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publicationSeptember 5, 2023

Refugee-Related Investment: Myth or Reality?

Real Returns and Real Challenges

Refugee-related investment: Myth or Reality

Refugee-related investments have much opportunity for growth and can be of great mutual benefit to both refugees and local communities. The business case for investing in refugee-related companies or projects is gradually becoming visible in several world regions and contexts, from East Africa to Europe. 

This paper takes stock of the current state of the space, highlights notable challenges being faced and derives some recommendations to guide future efforts in evolving the field of refugee-related investing.



As of mid-2022, an estimated 103 million people were forcibly displaced worldwide, of which 32.5 million refugees, 53.1 million internally displaced persons, and 4.9 million asylum seekers. Unfortunately, a confluence of increasing global conflict and instability, natural resource scarcity, and climate shocks indicate an increasing and accelerating trend in the coming decades. The World Bank estimates that by 2050, up to 216 million people could become internally displaced, while according to the UN climate migrants may reach one billion. The prognosis for forced displacement in the coming decades ranges from daunting to dire.

While humanitarian aid can be an effective model for addressing forced displacement challenges in the short-term, sustainable, and long-term solutions to refugees’ economic inclusion are sorely needed. Utilizing refugee-related investment - a specific subset of impact investing that takes a commercial, profit-driven approach to investing in companies that have a refugee focus - the international community and private actors can leverage the current financial system and ongoing socio-economic development efforts to improve the lives, livelihoods, and well-being of refugees and their host communities through the much-need provision of formal work opportunities, goods, and services.

Attention to refugee-related investment is emerging in recent years. Despite a lack of purely commercial players who invest in accordance with profit-oriented principles, those who are actively and intentionally investing in the refugee space seem to have at least some degree of concessionality in their approach. At the same time, a wide spectrum of stakeholders and organizational models are exploring different investment strategies to support migrants and refugees. Taking initiative to innovate and take risks, firms are employing modalities that mix concessional and hard financing to varying degrees to try and prove models that are both effective and can be scaled up to address future challenges. In this context, some players are making headway establishing funds with innovative structures, risk management techniques, and monitoring and evaluation systems, while others are patiently building out the pipeline of refugee firms so that they can be viable for venture capital (VC) investment in the medium term.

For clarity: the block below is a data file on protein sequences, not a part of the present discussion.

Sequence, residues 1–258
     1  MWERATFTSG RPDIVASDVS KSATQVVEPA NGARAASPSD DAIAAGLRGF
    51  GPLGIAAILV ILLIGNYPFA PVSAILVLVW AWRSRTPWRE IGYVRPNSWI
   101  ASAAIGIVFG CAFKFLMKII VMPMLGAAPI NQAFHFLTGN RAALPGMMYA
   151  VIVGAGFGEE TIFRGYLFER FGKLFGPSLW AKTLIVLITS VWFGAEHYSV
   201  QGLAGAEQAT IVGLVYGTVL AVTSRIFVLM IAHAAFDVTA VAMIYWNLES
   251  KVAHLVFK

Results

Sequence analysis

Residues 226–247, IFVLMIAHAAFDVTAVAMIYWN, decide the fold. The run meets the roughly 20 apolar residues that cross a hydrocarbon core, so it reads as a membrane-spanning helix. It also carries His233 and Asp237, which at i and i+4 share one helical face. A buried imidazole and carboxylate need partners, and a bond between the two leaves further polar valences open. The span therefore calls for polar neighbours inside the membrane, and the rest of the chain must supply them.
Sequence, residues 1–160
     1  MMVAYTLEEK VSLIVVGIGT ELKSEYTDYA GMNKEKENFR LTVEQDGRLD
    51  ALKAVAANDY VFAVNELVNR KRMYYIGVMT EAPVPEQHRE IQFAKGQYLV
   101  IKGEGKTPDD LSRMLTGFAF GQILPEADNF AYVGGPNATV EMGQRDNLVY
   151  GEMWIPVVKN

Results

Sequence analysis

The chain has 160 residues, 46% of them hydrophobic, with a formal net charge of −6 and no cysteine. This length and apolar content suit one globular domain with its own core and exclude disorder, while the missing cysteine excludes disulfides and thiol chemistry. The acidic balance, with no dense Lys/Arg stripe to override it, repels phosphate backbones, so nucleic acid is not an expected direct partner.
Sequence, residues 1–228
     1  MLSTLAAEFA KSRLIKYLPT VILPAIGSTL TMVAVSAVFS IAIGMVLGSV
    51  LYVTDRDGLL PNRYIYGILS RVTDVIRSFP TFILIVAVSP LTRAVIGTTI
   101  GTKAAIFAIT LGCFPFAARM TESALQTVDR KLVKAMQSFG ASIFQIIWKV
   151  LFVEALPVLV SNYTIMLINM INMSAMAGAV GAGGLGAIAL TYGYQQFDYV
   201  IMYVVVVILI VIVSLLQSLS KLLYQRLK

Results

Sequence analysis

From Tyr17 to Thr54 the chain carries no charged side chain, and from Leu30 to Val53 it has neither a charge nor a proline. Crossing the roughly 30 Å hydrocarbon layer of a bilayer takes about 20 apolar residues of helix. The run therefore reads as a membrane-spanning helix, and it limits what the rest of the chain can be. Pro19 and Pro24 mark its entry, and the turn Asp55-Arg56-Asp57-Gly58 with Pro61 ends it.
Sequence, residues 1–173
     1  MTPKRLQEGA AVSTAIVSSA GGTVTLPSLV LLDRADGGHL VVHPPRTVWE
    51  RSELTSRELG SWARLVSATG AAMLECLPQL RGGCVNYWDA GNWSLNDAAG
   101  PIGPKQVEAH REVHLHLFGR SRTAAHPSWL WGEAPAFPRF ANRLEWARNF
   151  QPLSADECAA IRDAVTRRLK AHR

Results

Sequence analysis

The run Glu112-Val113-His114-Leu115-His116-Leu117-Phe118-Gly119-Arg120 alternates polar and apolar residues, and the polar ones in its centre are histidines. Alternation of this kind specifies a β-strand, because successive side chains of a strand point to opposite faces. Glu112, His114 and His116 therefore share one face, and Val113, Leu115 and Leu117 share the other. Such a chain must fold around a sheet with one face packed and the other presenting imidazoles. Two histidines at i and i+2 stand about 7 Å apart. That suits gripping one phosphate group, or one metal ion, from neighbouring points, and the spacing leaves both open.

However, the refugee-related investment space still faces a myriad challenges and obstacles. While roadblocks abound, this paper highlights four broad challenges, in particular: (i) a lack of deep or developed pipelines makes investment unclear; (ii) a few commercial investors are actively building investment products supporting refugees, accompanied by a nascent business case surrounding refugees; (iii) a lack of investor-level data, fund data sharing, and best practices that are part of a healthy investment ecosystem; (iv) political and regulatory hurdles, as well as massive idiosyncratic differences between hosting contexts.

In comparison to several years ago, the field is showing hopeful progress that could be increased by development support for refugee-related investors. As some initial grant-reliant refugee-related investment models are moving away from pure concessionality towards pure profit-driven principles, the international community can help providing tailwind by improving the dynamism in the ecosystem through support programs such as accelerators and mentorship initiatives to help refugee-led and refugee-serving companies in their early stages, as well as research initiatives to help in filling lingering data gaps. When willingness is aligned on both sides, deft and mutually respectful partnerships between commercial players and development actors can be a relatively low-cost initial engagement with a potential to build longer-term investment product development partnerships. In this respect, increased grants and concessional financing are needed to prove effective models in the refugee investment space, and then to crowd-in increasingly commercial financing moving models away from concessionality, and closer to commerciality.